Source: Yale News, June 15, 2020
By Brita Belli
Many parents are now feeling a sense of urgency to discuss race and racism with their children. It helps to give parents the tools they need to have difficult conversations with their children, especially around issues of race and health equity. Weaving these into daily discussions is an essential step in creating a more equitable and just future for all children.
Research shows that what children learn, hear, and witness from family members, friends, and others in their communities about race plays a major role in how they view people who are different from them. Children “identify all kinds of differences quite readily,” said Yarrow Dunham, assistant professor of psychology at Yale and director of the Social Cognitive Development Lab. “The critical question is: Which of those differences do they come to think of as important determinants of social identity and social outcomes? They make those decisions by observing the world around them. And here — unfortunately — the world presents them with abundant evidence that race matters.” As a result, it’s imperative that parents recognize and talk about racial differences with kids from an early age to prevent racism from taking root, said Yale experts. “It’s important that we tell children about their environment and what’s going on in the world,” said Dr. Wanjiku Njoroge, a board-certified child psychiatrist and adjunct professor of psychiatry at Yale, whose research focuses on the impact of culture on early infant and childhood development.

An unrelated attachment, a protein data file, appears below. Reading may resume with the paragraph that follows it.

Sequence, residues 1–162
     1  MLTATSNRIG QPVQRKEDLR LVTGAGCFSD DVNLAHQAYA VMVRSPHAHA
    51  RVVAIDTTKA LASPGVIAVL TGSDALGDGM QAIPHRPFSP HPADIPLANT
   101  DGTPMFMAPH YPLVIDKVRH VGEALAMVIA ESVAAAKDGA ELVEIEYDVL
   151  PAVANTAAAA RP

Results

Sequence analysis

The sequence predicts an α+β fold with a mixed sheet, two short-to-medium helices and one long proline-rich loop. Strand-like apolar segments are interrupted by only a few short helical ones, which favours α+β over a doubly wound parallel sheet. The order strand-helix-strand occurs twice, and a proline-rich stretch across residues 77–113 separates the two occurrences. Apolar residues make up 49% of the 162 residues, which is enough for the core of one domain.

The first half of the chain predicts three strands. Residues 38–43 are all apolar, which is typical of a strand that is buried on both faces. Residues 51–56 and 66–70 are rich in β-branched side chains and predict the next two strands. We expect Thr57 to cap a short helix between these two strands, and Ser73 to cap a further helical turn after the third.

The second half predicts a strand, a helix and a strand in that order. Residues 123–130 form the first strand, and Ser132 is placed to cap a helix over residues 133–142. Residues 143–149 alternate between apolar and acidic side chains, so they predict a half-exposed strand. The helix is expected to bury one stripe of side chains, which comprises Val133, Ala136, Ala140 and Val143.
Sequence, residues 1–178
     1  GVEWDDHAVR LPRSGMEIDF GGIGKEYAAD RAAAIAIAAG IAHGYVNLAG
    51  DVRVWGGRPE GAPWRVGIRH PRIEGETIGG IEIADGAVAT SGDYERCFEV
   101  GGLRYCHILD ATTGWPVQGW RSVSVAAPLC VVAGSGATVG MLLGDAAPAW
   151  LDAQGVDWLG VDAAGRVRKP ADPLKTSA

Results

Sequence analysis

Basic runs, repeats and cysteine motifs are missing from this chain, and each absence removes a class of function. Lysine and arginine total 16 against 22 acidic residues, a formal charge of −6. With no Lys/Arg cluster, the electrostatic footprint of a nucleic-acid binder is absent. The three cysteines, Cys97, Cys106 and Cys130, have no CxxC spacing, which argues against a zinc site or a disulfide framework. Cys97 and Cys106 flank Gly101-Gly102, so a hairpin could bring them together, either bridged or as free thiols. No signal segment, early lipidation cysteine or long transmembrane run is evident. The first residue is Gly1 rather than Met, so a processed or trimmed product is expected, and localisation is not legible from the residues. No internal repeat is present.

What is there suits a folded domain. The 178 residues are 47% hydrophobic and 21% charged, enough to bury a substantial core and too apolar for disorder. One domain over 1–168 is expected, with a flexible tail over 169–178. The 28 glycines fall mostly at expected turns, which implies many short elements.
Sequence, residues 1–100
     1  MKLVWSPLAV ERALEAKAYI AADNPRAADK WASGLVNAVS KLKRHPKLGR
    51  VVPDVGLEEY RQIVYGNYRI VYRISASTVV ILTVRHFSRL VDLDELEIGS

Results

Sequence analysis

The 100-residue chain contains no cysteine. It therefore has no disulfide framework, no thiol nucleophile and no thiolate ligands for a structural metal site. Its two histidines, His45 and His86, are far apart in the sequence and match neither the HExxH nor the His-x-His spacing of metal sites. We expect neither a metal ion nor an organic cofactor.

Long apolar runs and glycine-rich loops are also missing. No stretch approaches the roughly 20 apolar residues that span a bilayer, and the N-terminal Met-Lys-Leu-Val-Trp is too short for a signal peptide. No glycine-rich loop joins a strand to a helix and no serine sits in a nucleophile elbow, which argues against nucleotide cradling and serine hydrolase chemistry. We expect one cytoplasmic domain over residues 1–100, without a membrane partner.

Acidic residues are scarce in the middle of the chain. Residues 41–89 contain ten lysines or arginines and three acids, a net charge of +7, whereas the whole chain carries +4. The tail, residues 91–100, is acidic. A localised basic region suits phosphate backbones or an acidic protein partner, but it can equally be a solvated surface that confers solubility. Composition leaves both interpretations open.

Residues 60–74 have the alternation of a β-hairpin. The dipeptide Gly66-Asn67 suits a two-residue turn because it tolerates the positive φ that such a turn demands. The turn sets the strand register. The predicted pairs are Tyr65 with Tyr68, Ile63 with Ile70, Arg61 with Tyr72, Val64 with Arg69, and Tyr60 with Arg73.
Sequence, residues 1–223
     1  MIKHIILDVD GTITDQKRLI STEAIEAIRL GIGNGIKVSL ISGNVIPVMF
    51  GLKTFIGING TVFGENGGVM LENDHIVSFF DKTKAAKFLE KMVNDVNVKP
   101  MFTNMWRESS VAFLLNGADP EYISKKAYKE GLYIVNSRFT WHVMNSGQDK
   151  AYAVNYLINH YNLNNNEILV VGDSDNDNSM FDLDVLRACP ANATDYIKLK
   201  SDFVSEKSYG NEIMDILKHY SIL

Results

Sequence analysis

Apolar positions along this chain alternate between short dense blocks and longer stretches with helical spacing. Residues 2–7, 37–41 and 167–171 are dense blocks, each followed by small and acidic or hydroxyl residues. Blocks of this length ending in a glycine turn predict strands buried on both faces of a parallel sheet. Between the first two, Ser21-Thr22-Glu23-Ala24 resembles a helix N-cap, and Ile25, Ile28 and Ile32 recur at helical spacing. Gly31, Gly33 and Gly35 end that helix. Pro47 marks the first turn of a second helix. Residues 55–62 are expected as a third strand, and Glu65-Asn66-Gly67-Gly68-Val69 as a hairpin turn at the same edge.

Recommended Resources for Talking with Kids
See the many resources that can help parents educate themselves about race and racism, including books for youth of all ages, resources for adults, and tips on how to talk to children. They include:
- How to talk to kids about racism, protests & injustice: article and video with journalist Sheinelle Jones from the “Today” show.
- Racism and violence: how to help kids handle the news: A guide on supporting your kids during scary times from the Child Mind Institute, a nonprofit focused on children’s mental health.
- Where to find diverse children’s books: a guide to blogs and sites where parents can find books featuring diverse characters and highlighting social justice from EmbraceRace, a parent-founded organization to fight systemic racism.
- Anti-racism books for kids: books for kids of different ages that celebrate racial diversity and explain how diversity makes us stronger from Books for Littles, an organization that uses picture books to help parents have important conversations about social issues.